Warren Buffett may use part of his annual letter to Berkshire Hathaway shareholders, due on Saturday, to renew his optimism about America, at a time economic growth is on the upswing and U.S. stocks sit near record highs despite rising interest rates.
His enthusiasm is long-lived. In last year's letter, he touted the country's "economic dynamism" and "miraculous" achievements over its 240-year history. The year before, he called newborn American babies "the luckiest crop in history." And in 2015, he panned the "preachers of pessimism" who "prattle endlessly about America's problems."
What of 2018? "Does Buffett have the guts to mention that we are in financial euphoria?" said Bill Smead, chief executive of Smead Capital Management Inc in Seattle, a Berkshire investor.
The 87-year-old Buffett typically also uses his widely-read, humor-laced letters, which last year ran more than 14,000 words, to assess Berkshire's performance, praise some managers, and criticize excess on Wall Street and perhaps in Washington.
One area of focus may be the effort by Berkshire, Amazon.com Inc and JPMorgan Chase & Co to develop a healthcare company aimed at fighting skyrocketing costs that Buffett calls a "hungry tapeworm" on the economy.
Berkshire will on Saturday also release year-end results expected to include a big jump in book value, a key gauge of growth at his Omaha, Nebraska-based conglomerate.
Analysts have said much of any increase would reflect the new, lower corporate tax rate pushed by President Donald Trump, a Republican. Buffett typically supports Democratic causes.
The letter will give Buffett a chance to extol Gregory Abel and Ajit Jain, promoted in January to oversee Berkshire's more than 90 operating businesses including the BNSF railroad, Geico auto insurance and Dairy Queen ice cream.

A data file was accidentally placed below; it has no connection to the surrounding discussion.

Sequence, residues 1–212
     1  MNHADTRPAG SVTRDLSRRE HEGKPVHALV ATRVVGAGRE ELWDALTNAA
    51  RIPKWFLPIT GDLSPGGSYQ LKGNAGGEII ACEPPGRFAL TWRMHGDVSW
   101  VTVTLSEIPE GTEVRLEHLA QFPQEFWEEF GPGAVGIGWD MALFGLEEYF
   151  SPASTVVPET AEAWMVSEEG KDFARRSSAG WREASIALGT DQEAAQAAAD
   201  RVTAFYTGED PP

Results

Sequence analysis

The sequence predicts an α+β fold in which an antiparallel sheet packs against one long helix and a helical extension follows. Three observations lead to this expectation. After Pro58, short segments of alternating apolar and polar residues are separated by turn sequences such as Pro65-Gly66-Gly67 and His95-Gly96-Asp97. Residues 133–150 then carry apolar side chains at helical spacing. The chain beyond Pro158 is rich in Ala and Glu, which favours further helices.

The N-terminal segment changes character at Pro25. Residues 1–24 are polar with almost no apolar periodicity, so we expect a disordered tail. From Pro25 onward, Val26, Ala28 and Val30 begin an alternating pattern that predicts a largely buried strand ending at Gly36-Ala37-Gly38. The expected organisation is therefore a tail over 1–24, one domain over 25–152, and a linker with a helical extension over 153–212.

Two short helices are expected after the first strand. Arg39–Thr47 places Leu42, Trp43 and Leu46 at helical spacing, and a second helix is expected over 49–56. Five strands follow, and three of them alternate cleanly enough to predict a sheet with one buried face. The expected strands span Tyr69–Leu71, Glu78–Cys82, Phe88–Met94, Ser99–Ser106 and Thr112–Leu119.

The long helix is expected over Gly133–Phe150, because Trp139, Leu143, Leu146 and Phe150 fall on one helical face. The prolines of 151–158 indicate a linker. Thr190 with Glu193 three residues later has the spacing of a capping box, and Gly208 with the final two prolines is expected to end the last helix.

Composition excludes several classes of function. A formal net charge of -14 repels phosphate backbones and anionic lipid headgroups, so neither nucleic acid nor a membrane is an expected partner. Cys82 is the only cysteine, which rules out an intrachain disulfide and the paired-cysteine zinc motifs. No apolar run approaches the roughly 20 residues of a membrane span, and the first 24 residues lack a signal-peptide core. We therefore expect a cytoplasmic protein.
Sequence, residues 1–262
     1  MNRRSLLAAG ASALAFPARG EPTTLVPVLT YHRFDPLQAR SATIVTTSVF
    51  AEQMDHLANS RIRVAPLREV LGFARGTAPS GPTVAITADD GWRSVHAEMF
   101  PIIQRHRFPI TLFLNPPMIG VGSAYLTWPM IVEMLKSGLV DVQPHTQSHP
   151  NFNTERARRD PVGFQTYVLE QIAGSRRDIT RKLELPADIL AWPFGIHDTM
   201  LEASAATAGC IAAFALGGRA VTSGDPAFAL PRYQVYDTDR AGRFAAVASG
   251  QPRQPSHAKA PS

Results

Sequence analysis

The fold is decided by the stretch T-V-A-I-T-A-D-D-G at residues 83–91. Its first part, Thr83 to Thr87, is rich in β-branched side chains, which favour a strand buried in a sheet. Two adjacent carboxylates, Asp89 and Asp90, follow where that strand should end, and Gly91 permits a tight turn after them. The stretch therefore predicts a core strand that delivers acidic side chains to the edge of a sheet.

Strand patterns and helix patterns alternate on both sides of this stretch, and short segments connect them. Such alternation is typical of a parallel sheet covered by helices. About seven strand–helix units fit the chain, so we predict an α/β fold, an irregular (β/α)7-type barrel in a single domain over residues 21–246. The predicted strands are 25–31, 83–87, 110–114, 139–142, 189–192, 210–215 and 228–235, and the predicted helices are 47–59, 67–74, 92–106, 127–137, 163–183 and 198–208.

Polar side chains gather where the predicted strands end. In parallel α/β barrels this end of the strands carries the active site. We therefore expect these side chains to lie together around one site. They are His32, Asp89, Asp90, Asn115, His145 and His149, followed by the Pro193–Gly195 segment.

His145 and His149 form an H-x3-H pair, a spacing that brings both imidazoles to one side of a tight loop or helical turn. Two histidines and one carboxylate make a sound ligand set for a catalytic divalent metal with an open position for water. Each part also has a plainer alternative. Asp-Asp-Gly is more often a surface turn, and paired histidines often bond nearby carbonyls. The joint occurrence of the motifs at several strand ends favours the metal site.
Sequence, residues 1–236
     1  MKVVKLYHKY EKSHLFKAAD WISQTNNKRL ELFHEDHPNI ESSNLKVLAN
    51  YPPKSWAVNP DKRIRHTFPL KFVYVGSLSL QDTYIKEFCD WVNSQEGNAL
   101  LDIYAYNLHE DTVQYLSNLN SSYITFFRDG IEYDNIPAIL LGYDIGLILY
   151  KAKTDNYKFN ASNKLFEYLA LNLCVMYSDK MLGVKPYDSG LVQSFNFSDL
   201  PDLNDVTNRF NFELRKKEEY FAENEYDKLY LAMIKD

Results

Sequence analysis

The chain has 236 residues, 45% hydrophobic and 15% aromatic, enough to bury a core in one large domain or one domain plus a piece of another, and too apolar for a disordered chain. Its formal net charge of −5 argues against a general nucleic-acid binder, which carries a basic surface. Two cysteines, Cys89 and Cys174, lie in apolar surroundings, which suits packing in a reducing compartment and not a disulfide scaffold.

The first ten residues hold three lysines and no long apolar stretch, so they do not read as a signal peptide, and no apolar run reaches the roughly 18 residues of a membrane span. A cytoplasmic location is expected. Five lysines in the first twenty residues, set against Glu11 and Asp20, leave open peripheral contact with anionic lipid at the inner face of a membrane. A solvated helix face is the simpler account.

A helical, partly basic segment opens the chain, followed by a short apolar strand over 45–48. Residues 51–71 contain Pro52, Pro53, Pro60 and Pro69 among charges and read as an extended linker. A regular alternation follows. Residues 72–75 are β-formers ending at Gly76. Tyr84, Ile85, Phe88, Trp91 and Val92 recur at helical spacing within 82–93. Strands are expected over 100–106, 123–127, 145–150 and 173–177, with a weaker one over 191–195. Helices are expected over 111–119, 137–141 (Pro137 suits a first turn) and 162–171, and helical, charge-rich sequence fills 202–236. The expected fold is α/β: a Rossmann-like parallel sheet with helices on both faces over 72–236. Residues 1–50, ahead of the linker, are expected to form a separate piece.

This made them frontrunners to eventually succeed Buffett as chief executive officer. Buffett may discuss how stiff competition and recent steep hurricane losses may affect pricing for insurance and reinsurance, which Jain oversees.
After Berkshire ended September with $109 billion of cash and equivalents, Buffett may renew his plea for companies with little debt, consistent earnings power and strong management, and which are looking for buyers, to call him.
Berkshire has gone more than two years since its last major purchase, Precision Castparts Corp.
Last year, it was outbid for Texas power transmission company Oncor, while its $15 billion commitment to help buyout partner 3G Capital buy Unilever Plc went nowhere because the European food company rebuffed the approach.
An inability to deploy cash may help explain why Buffett, who buys stocks when he cannot buy whole companies, built a $28 billion stake in Apple Inc, surpassing the underperforming Wells Fargo & Co as Berkshire's largest stock investment.
Berkshire recently owned 9.8 percent of the bank, and Buffett may want to discuss Wells Fargo's efforts to recover from recent scandals over how it treated customers.
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